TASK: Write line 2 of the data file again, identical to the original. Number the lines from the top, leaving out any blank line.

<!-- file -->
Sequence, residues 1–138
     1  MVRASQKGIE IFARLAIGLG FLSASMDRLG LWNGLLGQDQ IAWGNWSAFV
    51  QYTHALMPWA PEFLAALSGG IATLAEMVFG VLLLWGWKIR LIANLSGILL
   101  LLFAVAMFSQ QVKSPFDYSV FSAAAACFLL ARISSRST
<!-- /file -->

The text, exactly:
     1  MVRASQKGIE IFARLAIGLG FLSASMDRLG LWNGLLGQDQ IAWGNWSAFV